Chapter One – Part One: My Long Road to Faith


Here is the first part of a multi-part post for chapter one.  The second part will come out later this week!



         How do you personalize the promised message of salvation in the lessons and teachings of Jesus, teachings that have been translated, reinterpreted, and institutionalized over centuries, teachings that have served as inspiration and guidance for billions of people?  To answer this question, last year I did something I had never previously contemplated doing.

In September, 2023, I inserted myself into the Bible story.  I wanted to view the story from King David’s perspective.  Given the explicit nature of the father-Son relationship defined in its pages, I wanted to understand what it meant for a human to grapple with the concept of being Jesus’ father, as this is something clearly David must do.

When my own dad died in 2008, I was devastated.

         It was the Saturday before Thanksgiving.  I had just returned from a whirlwind trip to Texas, where I had picked up my ten-year-old daughter, who was going to spend the week with my side of the family.  We landed at Raleigh-Durham International Airport just after 2:30 that afternoon and, after stopping by my house, were planning to drive the short, five-minute trip to my parents’ house to watch the Penn State football game.  I called my mom to let her know we had landed safely.

         “Great!” My mom said, “Come over anytime.  I’m still waiting to hear from your dad.  He must be on his way back from the condo.”

My parents had purchased a quaint, three-bedroom condominium on the coast of North Carolina in the cozy little seaside town of Emerald Isle, some two-and-a-half hours’ drive from their home in Cary, a suburb of Raleigh. Located thirty minutes northeast of the Camp Lejeune Marine Corps Base, Emerald Isle was a fitting vacation getaway for my parents.  My dad had committed thirty-one years of his life to serving as a Marine, including a thirteen-month combat tour in Vietnam between 1966-67.  Growing up, we had spent four years at Lejeune as a family; when my dad got reassigned to a logistics base in Georgia in 1986, I was allowed to stay with family friends and finish my senior year of high school with my classmates.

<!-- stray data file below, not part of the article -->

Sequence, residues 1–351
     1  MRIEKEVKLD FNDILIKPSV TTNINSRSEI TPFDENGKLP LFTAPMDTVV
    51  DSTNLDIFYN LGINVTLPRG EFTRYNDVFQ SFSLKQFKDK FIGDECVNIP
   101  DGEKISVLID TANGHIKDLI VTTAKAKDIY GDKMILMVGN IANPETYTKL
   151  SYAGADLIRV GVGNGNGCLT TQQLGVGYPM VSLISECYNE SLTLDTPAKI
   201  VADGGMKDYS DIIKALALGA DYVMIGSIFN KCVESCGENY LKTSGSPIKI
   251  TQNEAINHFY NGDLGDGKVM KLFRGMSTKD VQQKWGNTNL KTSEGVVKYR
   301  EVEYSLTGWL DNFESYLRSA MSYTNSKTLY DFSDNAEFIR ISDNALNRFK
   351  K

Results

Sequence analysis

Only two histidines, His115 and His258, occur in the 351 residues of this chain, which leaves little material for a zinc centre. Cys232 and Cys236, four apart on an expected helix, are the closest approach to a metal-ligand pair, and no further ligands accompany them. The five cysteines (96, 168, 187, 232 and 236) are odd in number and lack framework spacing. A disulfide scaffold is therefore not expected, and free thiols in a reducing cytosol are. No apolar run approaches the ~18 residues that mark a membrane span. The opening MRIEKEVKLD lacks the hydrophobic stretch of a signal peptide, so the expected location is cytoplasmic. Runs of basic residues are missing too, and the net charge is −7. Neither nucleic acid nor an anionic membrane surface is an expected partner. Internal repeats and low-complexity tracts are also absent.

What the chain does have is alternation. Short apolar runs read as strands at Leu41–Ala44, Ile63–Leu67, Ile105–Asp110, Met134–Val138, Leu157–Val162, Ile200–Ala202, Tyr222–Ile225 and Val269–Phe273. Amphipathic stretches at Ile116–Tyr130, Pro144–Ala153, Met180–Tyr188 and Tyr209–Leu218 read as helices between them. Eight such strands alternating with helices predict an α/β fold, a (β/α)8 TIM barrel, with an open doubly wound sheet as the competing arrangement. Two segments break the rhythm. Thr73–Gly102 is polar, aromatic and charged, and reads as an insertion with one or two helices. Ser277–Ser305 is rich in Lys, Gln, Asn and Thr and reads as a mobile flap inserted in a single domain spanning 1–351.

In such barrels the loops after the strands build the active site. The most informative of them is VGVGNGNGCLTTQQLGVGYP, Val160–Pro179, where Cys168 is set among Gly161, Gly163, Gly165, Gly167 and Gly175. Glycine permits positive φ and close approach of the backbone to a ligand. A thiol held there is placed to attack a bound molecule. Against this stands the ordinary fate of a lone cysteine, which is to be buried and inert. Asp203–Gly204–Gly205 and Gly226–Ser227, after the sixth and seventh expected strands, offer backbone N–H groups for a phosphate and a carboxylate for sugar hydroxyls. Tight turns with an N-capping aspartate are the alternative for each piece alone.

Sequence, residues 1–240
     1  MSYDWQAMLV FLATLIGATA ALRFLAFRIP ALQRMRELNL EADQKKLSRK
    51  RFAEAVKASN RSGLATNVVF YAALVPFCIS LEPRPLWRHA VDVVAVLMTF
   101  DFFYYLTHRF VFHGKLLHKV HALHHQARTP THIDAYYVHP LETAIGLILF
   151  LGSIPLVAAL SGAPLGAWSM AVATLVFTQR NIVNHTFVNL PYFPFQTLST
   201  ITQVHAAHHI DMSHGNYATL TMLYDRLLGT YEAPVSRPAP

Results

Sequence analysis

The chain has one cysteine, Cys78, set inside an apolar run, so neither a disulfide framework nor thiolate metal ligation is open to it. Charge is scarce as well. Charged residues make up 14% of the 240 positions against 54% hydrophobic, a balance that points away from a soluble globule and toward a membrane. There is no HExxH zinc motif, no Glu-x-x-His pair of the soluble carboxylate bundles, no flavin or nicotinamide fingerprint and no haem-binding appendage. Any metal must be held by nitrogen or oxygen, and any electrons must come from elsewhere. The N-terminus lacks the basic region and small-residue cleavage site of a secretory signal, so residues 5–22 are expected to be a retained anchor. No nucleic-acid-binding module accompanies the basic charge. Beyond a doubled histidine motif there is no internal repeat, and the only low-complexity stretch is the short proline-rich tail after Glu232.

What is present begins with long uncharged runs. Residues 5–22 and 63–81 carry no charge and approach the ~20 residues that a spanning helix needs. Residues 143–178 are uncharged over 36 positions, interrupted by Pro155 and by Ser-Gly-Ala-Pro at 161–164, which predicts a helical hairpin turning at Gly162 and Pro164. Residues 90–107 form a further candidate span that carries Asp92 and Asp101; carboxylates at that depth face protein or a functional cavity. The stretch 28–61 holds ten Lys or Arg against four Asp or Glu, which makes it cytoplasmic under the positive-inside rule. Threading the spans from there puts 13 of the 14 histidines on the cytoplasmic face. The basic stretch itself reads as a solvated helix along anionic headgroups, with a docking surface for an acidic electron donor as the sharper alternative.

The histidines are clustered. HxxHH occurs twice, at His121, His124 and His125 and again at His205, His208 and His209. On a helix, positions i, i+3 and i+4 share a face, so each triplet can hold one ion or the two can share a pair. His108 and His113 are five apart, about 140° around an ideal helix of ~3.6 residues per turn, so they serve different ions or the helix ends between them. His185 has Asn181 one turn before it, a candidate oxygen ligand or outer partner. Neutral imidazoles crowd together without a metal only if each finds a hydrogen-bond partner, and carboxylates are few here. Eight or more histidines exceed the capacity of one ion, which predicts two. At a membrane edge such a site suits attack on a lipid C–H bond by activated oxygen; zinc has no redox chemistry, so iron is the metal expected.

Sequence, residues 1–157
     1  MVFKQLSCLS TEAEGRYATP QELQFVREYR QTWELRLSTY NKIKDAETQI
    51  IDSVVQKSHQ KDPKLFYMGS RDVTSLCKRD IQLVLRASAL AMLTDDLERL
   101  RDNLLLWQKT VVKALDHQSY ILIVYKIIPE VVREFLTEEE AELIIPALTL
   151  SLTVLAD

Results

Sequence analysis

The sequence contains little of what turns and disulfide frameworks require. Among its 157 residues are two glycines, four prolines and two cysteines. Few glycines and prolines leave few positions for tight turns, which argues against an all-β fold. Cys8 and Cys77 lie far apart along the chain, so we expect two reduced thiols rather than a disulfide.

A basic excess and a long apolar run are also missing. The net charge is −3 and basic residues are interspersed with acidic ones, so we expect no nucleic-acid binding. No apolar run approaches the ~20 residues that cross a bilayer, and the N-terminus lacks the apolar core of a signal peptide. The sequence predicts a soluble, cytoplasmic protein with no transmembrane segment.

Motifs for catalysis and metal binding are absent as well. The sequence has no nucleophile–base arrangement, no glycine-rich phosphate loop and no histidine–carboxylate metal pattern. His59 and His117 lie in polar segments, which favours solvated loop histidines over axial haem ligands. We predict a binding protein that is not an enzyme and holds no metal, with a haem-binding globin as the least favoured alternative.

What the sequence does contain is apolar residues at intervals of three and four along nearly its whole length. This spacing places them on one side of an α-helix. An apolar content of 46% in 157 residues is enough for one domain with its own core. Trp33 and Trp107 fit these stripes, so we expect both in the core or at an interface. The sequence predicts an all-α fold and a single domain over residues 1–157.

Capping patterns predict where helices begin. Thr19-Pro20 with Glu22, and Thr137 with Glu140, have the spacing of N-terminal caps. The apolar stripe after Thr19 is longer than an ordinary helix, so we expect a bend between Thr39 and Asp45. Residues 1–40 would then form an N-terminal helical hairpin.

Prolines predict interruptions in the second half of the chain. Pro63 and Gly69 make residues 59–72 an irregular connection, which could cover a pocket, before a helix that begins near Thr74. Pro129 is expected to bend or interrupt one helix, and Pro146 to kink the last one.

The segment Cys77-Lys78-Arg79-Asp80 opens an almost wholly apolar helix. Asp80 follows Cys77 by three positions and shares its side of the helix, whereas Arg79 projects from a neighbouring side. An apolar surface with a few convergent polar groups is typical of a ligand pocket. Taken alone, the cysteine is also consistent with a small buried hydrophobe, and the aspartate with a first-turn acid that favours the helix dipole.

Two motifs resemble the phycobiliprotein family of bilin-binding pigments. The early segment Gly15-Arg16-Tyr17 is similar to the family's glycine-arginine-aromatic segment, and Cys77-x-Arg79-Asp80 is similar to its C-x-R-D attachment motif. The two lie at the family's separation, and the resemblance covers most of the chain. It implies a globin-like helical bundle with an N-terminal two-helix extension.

I don’t imagine that either of my parents believed they would ever own a “vacation home” as both came from humble backgrounds.  Mom was raised on the outskirts of Pittsburgh and had been a nurse before meeting my dad.  He was the product of smalltown Iowa, America’s heartland, and had joined the military undoubtedly influenced by his childhood, when the United States had helped win World War II.

He’d gone down to the condo Thursday afternoon.  It was offseason; the beach would be virtually deserted, save for the locals.  There was a Homeowners’ Association meeting on Friday that he had attended.  He and my mom had talked Friday afternoon; he was going to spend the night, likely sit in the jacuzzi Saturday morning, then make his way back to Cary in time for the game.